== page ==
Ade, I don't know man. I just can't agree that Apple has walked away from the power user. True they make a ton of cash from iToys, but thats the dog n pony show. Apple needs the goodwill, and the positive cash flow from those things. Its still a company of Computer Geeks, and the G5 in its current form is far and away the most powerful Mac ever. Sure many features are not over the top, 20% faster while being 400% more expensive, but thats because the market wouldn't support it. So Apple has been eyeing the magic line between cost effective, and bleeding edge. And their idea of where that line is, may not coincide with yours. I guess I disagree with you.

Captain Obvious
04-11-2005, 08:04 AM
It's "Mac," not "MAC." ;)

Either way, to see which is faster for LW rendering, check out THIS (http://www.blanos.com/benchmark/). Often, the G5 is quite compeditive. x86 boxes probably give more bang for the buck, but not greatly so. The big advantage of Windows/x86 for Lightwave is the fact that there are more plugins available, and better OpenGL performance (in Lightwave, that is, I don't know about other applications).

And I find the idea that Apple are forgetting their pro users quite silly, to be honest. Look at Tiger. What does it introduce for the "normal" iPod/iMac user? Dashboard and Safari pr0n Edition? Yeah, that's a lot of great features right there. For pro users, let's see... Core Image/Video, Spotlight, improved performance, and a hell of a lot of great "under the hood" type things that pro users might not really use, as such, but that will probably find its way into some applications. 64-bit capabilities (though not in the GUI, but it is very much possible to build a 64-bit command line renderer for Tiger). Oh, and improved OpenGL performance. And did I mention Core Image/Video?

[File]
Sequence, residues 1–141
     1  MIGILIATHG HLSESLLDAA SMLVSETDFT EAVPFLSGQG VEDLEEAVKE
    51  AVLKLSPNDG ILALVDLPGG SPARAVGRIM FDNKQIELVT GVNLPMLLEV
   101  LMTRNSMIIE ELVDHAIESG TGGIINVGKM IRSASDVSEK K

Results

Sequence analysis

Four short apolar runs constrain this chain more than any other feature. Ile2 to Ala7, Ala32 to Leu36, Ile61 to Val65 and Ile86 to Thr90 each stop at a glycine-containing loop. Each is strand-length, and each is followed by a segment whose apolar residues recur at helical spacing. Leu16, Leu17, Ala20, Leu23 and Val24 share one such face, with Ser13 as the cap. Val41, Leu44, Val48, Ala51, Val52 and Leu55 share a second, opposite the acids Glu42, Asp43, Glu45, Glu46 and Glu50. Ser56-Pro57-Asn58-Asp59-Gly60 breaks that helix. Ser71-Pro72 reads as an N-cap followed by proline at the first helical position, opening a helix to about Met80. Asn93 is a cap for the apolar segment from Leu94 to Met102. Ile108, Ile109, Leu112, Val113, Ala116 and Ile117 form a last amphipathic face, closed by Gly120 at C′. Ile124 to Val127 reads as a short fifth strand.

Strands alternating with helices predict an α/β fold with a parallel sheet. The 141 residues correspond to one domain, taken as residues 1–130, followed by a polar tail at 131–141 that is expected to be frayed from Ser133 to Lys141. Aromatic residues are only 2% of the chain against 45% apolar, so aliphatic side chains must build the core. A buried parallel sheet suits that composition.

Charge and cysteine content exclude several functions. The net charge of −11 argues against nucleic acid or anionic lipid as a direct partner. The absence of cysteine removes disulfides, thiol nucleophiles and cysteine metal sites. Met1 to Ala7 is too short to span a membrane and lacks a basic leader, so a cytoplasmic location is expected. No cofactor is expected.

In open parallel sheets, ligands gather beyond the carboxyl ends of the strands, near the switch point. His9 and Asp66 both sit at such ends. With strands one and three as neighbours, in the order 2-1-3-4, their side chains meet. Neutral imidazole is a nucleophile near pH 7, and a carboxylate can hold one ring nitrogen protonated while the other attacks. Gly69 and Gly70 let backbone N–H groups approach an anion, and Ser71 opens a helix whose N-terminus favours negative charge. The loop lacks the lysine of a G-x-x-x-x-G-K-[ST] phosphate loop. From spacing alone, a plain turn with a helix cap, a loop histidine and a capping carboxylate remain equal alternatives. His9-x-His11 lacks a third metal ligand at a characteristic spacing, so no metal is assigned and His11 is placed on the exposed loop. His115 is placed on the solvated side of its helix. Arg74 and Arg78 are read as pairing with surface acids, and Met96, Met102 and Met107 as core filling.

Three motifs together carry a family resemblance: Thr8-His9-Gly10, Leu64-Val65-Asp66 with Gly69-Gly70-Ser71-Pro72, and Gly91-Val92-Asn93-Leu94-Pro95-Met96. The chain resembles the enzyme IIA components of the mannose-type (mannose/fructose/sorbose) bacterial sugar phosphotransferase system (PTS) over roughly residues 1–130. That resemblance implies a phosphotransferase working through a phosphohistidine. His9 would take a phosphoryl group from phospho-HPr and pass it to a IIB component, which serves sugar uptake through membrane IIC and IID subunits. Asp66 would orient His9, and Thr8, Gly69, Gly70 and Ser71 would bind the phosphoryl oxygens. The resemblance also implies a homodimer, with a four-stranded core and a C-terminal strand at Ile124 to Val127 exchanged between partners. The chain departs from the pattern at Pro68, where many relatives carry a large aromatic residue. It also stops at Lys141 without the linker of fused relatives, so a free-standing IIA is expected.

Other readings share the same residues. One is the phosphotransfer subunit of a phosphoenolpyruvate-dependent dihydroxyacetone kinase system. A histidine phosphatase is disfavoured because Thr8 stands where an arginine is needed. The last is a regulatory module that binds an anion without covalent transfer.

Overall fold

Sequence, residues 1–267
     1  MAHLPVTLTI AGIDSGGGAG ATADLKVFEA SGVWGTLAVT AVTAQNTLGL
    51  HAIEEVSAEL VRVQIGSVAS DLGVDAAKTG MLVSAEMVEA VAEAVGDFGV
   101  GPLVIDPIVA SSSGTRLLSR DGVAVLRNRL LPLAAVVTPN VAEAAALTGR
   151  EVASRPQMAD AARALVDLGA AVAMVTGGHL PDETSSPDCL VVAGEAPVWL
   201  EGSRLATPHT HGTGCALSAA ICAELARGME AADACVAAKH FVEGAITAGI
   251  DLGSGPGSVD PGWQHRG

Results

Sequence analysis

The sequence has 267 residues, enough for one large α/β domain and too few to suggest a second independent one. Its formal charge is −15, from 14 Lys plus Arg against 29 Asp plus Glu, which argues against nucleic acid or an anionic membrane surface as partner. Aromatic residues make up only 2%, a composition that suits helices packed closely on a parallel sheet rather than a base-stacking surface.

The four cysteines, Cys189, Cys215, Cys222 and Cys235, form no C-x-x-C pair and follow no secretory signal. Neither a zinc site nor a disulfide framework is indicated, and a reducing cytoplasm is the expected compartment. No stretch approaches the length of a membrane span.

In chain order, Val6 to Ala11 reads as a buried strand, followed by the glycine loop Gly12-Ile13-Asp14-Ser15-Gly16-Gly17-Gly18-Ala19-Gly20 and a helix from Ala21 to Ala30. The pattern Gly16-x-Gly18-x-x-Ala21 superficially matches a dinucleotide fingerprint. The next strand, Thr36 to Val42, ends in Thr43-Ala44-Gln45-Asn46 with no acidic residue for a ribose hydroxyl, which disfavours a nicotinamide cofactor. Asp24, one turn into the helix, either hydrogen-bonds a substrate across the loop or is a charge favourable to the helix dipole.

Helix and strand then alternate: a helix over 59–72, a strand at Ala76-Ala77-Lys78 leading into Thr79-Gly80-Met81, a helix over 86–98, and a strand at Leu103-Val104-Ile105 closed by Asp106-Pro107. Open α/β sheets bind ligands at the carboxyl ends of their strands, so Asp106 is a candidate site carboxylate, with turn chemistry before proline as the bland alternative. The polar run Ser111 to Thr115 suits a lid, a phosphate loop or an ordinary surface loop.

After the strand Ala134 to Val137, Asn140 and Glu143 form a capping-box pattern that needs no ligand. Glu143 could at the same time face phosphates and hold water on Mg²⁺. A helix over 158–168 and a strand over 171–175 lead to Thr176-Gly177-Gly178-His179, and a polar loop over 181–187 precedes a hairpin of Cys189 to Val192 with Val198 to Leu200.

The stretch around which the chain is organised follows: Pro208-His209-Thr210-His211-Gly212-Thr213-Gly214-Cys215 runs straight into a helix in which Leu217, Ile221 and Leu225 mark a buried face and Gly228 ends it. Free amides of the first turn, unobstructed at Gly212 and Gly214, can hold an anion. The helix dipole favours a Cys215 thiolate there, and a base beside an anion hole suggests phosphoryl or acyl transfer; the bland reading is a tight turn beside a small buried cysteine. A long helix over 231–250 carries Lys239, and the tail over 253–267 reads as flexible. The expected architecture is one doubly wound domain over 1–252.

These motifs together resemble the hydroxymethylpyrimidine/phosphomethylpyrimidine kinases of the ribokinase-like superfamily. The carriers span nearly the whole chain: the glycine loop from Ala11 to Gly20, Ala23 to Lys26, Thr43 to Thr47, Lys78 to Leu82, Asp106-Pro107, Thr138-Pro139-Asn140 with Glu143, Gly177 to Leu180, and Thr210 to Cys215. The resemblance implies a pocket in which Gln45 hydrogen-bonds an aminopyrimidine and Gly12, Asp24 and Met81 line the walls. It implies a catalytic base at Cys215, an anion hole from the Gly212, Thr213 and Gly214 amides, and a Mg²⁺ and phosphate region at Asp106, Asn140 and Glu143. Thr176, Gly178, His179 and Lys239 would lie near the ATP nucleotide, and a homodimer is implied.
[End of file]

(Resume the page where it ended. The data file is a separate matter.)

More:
Ade
04-11-2005, 08:15 PM
Hello there,

I have to agree that the 2.5 G5 mac is very sweet to work on overall.
But the PC's are cheaper and by a lot of accounts they seem faster to render on.
I just can't bring myself to but a PC.

I did see a lovely MAC interface for the PC though, it looked very, well MAC.

Stability on the MAC is very sound. and everybody has an opinion.

I was like that for 8 years until i realised Steve Jobs doesnt give a **** about us pro users cause they care more for hobby things like ipods and garage band.
They left us PRO users starving, when i bought a pc i realised that for less money I could get more than double rendering times which translated to more jobs faster, more money and I was able to go home earlier to get a life.
Apple dropped that ball 4 years ago and never bothered to pick it up.
Dont get ya hopes up high for NAB or WWDC.
PROOF: Wheres the 3ghz that was promised 1.5 years ago????


I DO understand that the mac interface destroys pcs and macs os handles ram far better so all I can recommend is too do this: